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Greetings from Milano,

This week I was fortunate to find myself in this Italian beacon of elegance and sophistication. Milan is so much more than the puritanically work-obsessed city it is often portrayed as. Milan is a city where creativity is big business, looking good is compulsory, and after-work gatherings are an art form. Not only is Milan a treasure trove of art and design, there is art deco and rationalist architecture abound. I do like this city, home to much more than I can squeeze into this editorial. I will however share that I finally got to view the breathtaking "Last Supper," by Leonardo da Vinci, at the Santa Maria delle Grazie, which fortunately was right opposite the Palazzo delle Stelline, where the 4th Annual ASSO DPO Congress was being held. Let me extend a hearty thank you to ASSO DPO president and IAPP member Matteo Columbo, and his team for facilitating the guided viewing of this 15th century masterpiece.

Fittingly, with the advent of the EU General Data Protection Regulation now 14 days away, the ASSO DPO conference was focused on the practical themes of privacy engineering and programming. Sessions included a focus on how to connect DPOs from across Europe to share common cause, as well as addressing the interplay between data controllers and processors in a post-GDPR world. As the representative of the IAPP, I participated in a roundtable discussion with several European member state privacy associations, highlighting our IAPP mission in connecting the privacy profession and how we support the community through our platforms both in Europe and, importantly, from a global perspective. We are the International after all, accounting for more than 40,000 members in more than 100 countries and, for the record, we currently stand at 11,100 members in Europe, our fastest-growing geographical community.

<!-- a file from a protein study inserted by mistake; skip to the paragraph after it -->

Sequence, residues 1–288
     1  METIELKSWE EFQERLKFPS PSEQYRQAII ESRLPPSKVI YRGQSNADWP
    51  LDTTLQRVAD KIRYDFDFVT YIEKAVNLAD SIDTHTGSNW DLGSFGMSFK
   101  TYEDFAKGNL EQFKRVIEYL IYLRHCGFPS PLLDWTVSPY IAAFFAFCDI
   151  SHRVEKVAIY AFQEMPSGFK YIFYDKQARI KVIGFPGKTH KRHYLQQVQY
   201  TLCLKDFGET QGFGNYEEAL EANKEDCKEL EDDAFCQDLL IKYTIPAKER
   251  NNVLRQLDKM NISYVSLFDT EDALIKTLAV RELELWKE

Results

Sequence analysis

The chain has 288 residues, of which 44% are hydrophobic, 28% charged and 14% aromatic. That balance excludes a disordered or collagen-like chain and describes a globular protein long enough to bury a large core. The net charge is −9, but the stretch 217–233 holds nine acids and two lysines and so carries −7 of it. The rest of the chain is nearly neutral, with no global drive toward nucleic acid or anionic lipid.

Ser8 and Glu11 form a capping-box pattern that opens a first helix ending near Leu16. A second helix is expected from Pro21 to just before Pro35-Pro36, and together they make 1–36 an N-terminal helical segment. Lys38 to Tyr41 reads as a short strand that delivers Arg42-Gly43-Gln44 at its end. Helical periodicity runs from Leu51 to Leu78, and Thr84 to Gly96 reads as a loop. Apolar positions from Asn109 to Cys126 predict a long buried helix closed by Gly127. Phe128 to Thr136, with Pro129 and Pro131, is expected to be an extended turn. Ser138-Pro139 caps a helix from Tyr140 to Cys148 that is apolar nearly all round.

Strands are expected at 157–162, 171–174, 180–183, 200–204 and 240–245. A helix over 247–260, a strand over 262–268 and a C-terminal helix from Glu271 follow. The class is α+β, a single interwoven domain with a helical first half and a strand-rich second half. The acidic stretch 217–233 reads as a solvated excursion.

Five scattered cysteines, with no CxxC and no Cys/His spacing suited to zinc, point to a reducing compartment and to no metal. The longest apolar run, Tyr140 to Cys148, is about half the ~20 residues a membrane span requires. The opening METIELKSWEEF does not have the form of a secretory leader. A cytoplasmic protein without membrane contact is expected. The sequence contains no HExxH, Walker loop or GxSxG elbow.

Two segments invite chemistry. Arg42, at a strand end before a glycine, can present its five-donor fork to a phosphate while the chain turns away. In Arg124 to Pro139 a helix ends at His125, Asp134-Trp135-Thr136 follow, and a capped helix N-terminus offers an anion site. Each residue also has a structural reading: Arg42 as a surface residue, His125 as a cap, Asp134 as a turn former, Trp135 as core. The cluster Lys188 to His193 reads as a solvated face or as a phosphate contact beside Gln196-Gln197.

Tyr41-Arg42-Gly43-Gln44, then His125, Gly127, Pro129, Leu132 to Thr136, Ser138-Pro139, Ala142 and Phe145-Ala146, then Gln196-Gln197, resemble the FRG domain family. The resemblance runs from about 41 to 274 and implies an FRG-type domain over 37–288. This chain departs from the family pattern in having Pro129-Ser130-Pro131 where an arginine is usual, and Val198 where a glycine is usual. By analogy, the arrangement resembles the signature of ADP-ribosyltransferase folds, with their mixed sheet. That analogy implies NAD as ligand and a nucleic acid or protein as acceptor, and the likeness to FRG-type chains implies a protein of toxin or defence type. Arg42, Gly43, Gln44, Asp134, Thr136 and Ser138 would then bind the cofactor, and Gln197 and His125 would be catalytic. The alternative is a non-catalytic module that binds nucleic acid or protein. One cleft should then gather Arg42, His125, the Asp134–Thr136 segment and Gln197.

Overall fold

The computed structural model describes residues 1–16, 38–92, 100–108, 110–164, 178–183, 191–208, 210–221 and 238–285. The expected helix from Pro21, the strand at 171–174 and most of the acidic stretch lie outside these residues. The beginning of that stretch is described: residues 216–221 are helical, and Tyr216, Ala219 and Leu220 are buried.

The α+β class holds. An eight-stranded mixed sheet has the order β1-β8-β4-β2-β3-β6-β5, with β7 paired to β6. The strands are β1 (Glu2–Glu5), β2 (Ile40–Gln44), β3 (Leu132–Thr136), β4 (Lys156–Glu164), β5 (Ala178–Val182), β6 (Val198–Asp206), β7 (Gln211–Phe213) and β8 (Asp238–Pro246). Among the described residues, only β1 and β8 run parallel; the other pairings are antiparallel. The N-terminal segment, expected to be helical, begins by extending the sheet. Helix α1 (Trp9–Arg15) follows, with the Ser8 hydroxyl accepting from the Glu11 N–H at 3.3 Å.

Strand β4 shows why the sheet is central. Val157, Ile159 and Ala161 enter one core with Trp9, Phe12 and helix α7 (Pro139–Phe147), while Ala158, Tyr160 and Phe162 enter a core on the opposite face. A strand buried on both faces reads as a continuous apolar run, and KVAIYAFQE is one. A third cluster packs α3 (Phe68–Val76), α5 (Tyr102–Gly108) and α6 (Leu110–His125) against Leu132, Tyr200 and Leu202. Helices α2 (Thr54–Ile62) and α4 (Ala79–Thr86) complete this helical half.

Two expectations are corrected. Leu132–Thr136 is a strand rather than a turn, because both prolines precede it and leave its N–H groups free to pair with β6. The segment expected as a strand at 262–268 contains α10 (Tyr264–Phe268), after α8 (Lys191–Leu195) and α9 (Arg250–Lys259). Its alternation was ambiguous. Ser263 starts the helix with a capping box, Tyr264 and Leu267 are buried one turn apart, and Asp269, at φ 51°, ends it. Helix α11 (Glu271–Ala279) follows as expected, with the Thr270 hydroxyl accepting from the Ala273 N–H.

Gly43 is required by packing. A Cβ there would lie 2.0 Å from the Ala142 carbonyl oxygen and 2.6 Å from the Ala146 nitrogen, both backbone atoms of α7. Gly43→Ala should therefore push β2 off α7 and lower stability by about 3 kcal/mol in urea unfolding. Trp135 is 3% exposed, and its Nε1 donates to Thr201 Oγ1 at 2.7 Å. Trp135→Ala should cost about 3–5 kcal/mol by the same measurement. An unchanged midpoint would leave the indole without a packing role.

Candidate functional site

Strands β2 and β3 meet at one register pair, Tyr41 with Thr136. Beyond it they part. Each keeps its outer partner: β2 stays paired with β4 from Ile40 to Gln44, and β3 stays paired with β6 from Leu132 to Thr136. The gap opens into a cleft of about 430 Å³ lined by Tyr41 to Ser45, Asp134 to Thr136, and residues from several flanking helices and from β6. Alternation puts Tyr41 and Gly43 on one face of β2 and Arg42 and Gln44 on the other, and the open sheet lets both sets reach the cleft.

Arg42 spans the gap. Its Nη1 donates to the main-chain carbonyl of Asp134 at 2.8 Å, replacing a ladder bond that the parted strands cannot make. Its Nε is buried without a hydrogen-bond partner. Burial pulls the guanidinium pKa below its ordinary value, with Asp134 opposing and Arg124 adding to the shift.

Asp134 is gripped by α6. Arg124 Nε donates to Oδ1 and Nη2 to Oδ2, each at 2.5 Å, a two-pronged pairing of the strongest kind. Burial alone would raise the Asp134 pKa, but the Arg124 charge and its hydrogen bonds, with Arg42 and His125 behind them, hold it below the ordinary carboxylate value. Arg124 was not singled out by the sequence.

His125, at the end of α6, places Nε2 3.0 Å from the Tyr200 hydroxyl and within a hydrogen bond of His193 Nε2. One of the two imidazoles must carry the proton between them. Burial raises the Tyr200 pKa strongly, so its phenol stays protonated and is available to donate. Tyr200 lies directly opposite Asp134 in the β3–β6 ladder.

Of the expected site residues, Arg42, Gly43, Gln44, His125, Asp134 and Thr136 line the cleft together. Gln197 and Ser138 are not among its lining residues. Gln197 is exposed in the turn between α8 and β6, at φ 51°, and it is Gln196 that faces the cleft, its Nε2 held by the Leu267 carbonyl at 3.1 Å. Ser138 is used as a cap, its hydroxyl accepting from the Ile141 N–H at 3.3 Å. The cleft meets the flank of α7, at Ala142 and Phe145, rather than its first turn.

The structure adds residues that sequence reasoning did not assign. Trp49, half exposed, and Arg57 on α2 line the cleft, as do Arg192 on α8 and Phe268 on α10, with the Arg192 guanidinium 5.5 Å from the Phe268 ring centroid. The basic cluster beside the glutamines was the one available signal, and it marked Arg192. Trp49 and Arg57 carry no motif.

The conference highlight for me was the keynote made by Giovanni Buttarelli, the European data protection supervisor. Buttarelli opened his address with a smile and a question: "Are you ready for GDPR?" He confirmed that the European Data Protection Board is ready to start its work immediately when the GDPR enters into force 25 May: “The rules are set, the working methods still need some refinement, but we are ready." He also cautioned that the EDPB, unlike its predecessor the Article 29 Working Party,  will be much more than a consultative committee, having evolved into a fully fledged decision-making legal body with authority in Europe. A strong emphasis was placed on transparency and accountability for the entity: “We want to be more accessible and more modern, more flexible but also more selective, as we will have to take more decisions collectively.” Buttarelli also reflected that everyone has understood that European standards of privacy and data protection have the potential to inform privacy policy internationally, underlining the future strategy of trade agreements such as those between the EU and Japan and Korea. Global data flows will be affected by the regulation and reflected in those trading realities.

On an advisory note, Buttarelli also spoke to the principle of accountability under the GDPR for businesses. He stated that the regulatory community will be looking to data controllers (and processors) to take timely decisions and seek diversification for the answers and solutions unique to their organizations and ecosystems. WP29 Guidelines are not enough — they are a set of standard practices — but not necessarily "the whole answer," he said. Notably, his message was clear that the role of the data protection officer provides an essential function, serving as a catalyst for the meaningful changes that need to be implemented within the GDPR framework.

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